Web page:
RADIOMESSAGE OF POPE JOHN PAUL II
Tuesday, 6 August 1985
To speak of Hiroshima and of Nagasaki is to become vividly aware of the immense pain and horror and death that human beings are capable of inflicting upon one another. But it is also to be conscious of the fact that such a tragic destiny is not inevitable. It can and must be avoided. Our world needs to regain confidence in its capacity to choose moral good over evil.
The Catholic Church is irrevocably committed to the challenge of promoting genuine peace between peoples and nations, against war and death. The Church sees this challenge as a duty before God, the Lord of Life, and as inexorable service of love towards every man, woman and child on this earth.
I wish to take this opportunity to repeat something which I believe requires much thought. The vast majority of people want peace. Yet “the contemporary world is, as it were, imprisoned in a web of tensions . . . Humanity’s helplessness to resolve the existing tensions reveals that the obstacles, and likewise the hopes, come from something deeper than the systems (on which modern life and international relations are built). It is my deep conviction . . . and is, I hope, the intuition of many men and women of good will, that war has its origins in the human heart. It is man who kills and not his sword, or in our day, his missiles” (IOANNIS PAULI PP. II Nuntius scripto datus ob diem ad pacem fovendam Calendiis Iannuariis a. 1984 celebrandam, 1, 2, die 8 dec. 1983: Insegnamenti di Giovanni Paolo II, VI, 2 (1983) 1279. 1280) .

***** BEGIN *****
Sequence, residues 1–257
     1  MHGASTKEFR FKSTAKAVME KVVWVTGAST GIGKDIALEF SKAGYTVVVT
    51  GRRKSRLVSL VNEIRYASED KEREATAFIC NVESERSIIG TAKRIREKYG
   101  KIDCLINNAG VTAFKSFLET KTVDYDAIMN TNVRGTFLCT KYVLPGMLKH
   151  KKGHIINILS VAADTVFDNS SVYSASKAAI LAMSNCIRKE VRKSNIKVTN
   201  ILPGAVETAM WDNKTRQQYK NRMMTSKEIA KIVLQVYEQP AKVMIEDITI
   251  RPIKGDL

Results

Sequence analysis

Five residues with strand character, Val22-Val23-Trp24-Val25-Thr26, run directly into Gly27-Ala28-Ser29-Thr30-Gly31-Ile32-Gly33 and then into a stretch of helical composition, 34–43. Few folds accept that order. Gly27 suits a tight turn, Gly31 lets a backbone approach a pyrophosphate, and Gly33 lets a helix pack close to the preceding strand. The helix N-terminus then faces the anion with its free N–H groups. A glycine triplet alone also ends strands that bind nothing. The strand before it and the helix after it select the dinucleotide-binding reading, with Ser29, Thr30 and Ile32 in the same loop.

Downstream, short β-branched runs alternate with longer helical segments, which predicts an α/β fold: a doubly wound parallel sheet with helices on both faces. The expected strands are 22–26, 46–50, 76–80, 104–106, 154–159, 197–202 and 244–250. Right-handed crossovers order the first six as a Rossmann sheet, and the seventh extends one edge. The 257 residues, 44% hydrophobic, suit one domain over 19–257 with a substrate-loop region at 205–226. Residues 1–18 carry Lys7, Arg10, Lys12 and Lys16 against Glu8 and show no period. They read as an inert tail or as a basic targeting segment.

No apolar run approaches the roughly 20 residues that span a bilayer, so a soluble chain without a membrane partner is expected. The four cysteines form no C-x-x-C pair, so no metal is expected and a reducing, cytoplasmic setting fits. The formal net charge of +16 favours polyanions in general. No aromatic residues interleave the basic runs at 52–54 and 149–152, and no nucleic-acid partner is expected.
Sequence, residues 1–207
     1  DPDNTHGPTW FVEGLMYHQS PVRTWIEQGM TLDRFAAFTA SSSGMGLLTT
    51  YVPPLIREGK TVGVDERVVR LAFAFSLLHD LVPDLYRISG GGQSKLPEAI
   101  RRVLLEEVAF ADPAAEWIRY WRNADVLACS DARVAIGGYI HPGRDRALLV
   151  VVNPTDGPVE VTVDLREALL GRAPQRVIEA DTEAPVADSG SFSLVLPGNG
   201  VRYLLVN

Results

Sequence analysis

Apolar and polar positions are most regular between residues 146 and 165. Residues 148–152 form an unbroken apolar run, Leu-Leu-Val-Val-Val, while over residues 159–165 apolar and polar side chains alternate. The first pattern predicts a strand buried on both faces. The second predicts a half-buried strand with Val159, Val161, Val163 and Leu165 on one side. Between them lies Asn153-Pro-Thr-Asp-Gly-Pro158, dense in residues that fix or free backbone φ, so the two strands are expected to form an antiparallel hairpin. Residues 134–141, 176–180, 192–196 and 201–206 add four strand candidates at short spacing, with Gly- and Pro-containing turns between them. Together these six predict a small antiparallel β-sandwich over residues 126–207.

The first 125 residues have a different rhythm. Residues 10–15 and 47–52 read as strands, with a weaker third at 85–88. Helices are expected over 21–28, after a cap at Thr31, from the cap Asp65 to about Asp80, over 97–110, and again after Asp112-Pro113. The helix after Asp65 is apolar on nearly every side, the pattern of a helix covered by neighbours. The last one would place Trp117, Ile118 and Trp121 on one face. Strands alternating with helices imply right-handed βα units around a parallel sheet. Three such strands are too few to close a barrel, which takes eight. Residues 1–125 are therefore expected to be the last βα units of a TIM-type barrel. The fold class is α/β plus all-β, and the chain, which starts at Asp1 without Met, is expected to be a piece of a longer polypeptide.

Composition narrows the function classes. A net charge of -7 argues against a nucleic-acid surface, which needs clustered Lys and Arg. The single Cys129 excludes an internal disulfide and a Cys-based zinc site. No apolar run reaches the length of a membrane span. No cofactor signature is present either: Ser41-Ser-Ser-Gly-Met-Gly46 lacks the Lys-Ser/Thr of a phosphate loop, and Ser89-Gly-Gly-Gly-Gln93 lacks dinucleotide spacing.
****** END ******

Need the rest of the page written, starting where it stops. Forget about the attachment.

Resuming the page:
It is therefore the human “heart” that must change: from a new heart, peace is born.
In this perspective Hiroshima, from August 6, 1945, and Nagasaki from three days later, have a unique responsibility before the world. The people of these two cities can proclaim, with the force of their own experience, the value of life over death, of peace over war.
Hiroshima is a living witness to what can happen but need not and should never happen. When I visited Hiroshima in 1981 I wished to emphasize that “one must affirm and reaffirm, again and again, that the waging of war is not inevitable or unchangeable”.
Certainly it is not enough to say this, as if peace could be achieved through the repetition of slogans. What is needed is a serious and comprehensive education for peace, and a committed response to the inequalities and injustices rampant in our world. If each individual, group and nation is willing, honestly and sincerely, to follow this path, there will never be another Hiroshima.
The sad experience of forty years ago must be seen as the cornerstone of a new and universally accepted policy of just and peaceful ways to resolve present and future conflicts. Hiroshima’s special role in this process of education for peace is to teach that out of past horror a new outlook and a new hope can be born.
With God’s help Hiroshima’s experience of forty years ago will not be in vain. Each day I pray to the Creator that he may teach us to be effective instruments of peace and fraternal solidarity.
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